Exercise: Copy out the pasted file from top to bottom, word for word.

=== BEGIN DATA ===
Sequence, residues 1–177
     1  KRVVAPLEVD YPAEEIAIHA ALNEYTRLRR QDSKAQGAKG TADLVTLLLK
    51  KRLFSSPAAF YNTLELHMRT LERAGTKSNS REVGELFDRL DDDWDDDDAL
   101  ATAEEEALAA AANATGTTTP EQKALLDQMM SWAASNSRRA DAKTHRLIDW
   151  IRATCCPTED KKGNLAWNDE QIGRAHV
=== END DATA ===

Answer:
Sequence, residues 1–177
     1  KRVVAPLEVD YPAEEIAIHA ALNEYTRLRR QDSKAQGAKG TADLVTLLLK
    51  KRLFSSPAAF YNTLELHMRT LERAGTKSNS REVGELFDRL DDDWDDDDAL
   101  ATAEEEALAA AANATGTTTP EQKALLDQMM SWAASNSRRA DAKTHRLIDW
   151  IRATCCPTED KKGNLAWNDE QIGRAHV